At 11:30 pm, George Lynch and the mob entered the sweat-soaked stage of the Rockpile in Toronto Canada. I had interviewed Lynch hours before and I was eager to see the band playing, despite I must admit I’m not the biggest connoisseur of George’s output, but with a discography as big as his, I guess that’s forgivable. I did spend many afternoons listening to Dokken’s Back for the Attack as a teenager though, and when the opportunity to see him live presented itself at the last minute, I could not pass it up. The band kicked things off with the bluesy and mystical “She’s Evil But She’s Mine”, and right off the bat it was noticeable how different George’s playing is from his peers of the 80’s. He may shred like there’s no tomorrow, but his style is not overbearing, and he values the thousand notes he plays as much as the space between them.
Coming up next was the AOR-influenced “River of Love”, with open chords and a great performance by singer Andrew Freeman. Oozing charisma, he asked the crowd to join the chorus of “When Heaven Comes Down”, and join they did! George’s playing, much more intuitive than technical, hypnotized members of the audience, roadies and venue staff in equal measures. The look of disbelief in everyone’s faces at each solo he did tonight was a memory to cherish forever!
With a captive audience like that, one would think nothing else would be needed to work up the crowd, but bassist Sean McNabb took things up a notch when he mentioned the Raptors’ winning of the NBA this year. Of course that got an amazing response, and a hot blooded mob joined in unison the chorus of “Sweet Sister Mercy”, and headbanged to the sleazy verses of this song, a highlight of the band’s first album.
Like a wise shaman, whose experience and wit overcome any technical shortcomings, George hit many beautiful notes throughout the evening, not least of all on another crowd pleaser, Dokken’s hit “It’s Not Love”, which the band expanded into a lengthy jam. With his gray hair on a samurai tie and employing non-traditional techniques, the man pranced the stage and was all smiles, distributing fist bumps and handshakes along the set. One more difference to be mentioned between him and other contemporary shredders out there is that he used only one guitar throughout the show, a beautifully worn out signature ESP GL-56.
In a very funny and truly sincere moment, the band traded jokes and discussed what to do on the next song, “Testify”, in front of the audience. Kicking it off with an insanely heavy riff, this number developed into possibly the greatest improvisational spot of the evening, with Sean’s meaty bass lines and Jimmy D’anda’s thunderous fills providing the support for George’s explorations. His very percussive playing style was also accompanied by a rare moment where he did some singing as well. He later explained that watching a documentary on Aretha Franklin drew him to tears and inspired him to take on vocals on certain songs.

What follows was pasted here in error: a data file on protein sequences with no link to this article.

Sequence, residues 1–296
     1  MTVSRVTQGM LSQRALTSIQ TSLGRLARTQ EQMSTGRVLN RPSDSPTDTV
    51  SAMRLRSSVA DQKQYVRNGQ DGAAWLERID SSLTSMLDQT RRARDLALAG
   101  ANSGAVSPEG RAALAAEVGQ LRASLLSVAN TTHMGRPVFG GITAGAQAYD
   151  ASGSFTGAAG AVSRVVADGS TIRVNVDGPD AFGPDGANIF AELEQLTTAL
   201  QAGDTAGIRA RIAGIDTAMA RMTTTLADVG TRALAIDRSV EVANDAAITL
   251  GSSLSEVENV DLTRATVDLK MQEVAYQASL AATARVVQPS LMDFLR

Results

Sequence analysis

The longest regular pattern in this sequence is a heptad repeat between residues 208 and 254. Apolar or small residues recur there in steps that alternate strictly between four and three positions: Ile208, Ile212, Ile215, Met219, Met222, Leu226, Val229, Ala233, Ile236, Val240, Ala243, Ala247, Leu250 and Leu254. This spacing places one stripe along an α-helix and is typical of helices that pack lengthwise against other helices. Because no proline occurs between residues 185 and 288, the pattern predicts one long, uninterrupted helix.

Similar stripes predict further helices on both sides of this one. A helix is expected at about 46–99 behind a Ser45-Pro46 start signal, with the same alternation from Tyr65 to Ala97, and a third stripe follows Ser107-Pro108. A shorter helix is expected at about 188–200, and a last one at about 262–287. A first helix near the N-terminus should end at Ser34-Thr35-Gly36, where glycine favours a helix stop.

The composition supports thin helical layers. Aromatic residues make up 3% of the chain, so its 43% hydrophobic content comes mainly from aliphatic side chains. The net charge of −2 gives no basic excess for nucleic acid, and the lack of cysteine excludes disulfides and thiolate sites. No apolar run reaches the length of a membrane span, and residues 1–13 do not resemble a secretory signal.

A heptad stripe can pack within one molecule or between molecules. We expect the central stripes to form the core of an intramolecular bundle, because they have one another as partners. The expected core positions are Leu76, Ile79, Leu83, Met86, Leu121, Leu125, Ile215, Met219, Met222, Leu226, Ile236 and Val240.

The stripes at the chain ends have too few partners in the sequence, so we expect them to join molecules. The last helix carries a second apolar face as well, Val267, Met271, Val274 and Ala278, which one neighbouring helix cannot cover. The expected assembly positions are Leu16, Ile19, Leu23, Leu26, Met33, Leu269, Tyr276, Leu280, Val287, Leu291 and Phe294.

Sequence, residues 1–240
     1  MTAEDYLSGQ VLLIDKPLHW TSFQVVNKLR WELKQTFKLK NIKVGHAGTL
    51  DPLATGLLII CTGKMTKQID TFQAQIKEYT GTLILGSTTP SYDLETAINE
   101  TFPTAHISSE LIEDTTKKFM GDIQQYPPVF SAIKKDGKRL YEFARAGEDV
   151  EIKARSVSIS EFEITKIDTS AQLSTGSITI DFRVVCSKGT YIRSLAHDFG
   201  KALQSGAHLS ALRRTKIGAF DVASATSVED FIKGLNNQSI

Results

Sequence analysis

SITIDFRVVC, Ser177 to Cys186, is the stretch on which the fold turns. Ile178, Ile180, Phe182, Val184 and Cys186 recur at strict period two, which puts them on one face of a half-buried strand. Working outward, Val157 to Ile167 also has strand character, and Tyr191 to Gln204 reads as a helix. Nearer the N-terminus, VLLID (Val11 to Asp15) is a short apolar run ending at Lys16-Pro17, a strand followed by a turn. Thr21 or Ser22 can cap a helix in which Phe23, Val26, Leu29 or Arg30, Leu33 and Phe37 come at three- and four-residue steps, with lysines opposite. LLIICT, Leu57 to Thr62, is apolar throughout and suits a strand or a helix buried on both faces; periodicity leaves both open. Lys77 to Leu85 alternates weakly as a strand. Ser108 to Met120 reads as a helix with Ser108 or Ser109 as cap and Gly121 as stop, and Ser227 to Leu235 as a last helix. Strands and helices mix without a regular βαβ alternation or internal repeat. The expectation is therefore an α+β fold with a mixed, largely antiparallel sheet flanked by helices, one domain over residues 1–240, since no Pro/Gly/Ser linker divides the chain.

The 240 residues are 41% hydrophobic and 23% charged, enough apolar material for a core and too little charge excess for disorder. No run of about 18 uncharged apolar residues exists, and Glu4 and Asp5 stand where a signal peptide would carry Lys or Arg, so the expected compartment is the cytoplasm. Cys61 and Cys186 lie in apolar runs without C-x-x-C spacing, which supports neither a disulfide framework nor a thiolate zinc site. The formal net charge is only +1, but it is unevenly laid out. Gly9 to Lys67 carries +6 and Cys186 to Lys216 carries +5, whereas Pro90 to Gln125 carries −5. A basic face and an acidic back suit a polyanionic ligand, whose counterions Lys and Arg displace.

Follower “Believers of the Day” continued the trend of taking unexpected turns in different parts of the song, while the mid-tempo of “The Hunter” garnered once again a great participation of the crowd, who gladly helped Andy during the chorus. The follow up was the mind-bending, career-defining “Mr. Scary”, one of the most influential and jaw dropping guitar-driven tracks in all history of hard rock and metal. Admittedly, George never plays the same song twice, so it’s no surprise that a storm of phones came out during that song, with almost everyone wanting to capture such a unique and fleeting moment in time. “Into the Fire” closed the main set in epic fashion, with a Van Halen-esque extended ending. “We need to go. Andy is too old, and we have too much cocaine to do and too many hookers to fuck”, a humorous George uttered before leaving the stage.
The band came on strong at the encore, with the quasi-thrash Dokken number “Tooth and Nail”. Recorded at a time when Don Dokken and George were already at each other’s throats, its lyrics almost by accident allude to the band’s status at the time: “Desperate living, driving me mad/Writings on the wall/Crushed all our hopes and the dreams we once had/Just to watch them fall”. The choice for the two set closers could not have been more appropriate – the title track and the last song of the band’s first album. The ultimate party anthem of “Wicked Sensation” and the vertiginous “Street Fighting Man” brought out the wild side of an already alcohol-fueled crowd, eternally hungry for six-string wizardry. Even towards the end of the set, somehow this band’s jams seemed to mesmerize without overextending their welcome, quenching the thirst of the packed venue.
As George himself said during the interview, the constant lineup changes somewhat hurt their popularity. Tonight’s performance, for an audience that know well what to expect of their show, was a clear evidence that Lynch Mob deserved a better place in the hard rock and metal rankings. At this point in time though, this band has nothing else to prove, and yet they play every night with the fire and fierceness of a bunch of teenagers on their first ever battle of the bands. This tour has very limited dates, and if it comes anywhere near you, do not miss the chance of catching one of the last torchbearers of shred guitar still around.
LYNCH MOB Setlist:
She’s Evil but She’s Mine / River of Love / When Heaven Comes Down (Dokken cover) / Sweet Sister Mercy / It’s Not Love (Dokken cover) / Testify / Believers of the Day / Mr. Scary (Dokken cover) / The Hunter (Dokken cover) / Into the Fire (Dokken cover) / Tooth and Nail (Dokken cover)
Street Fightin’ Man / Wicked Sensation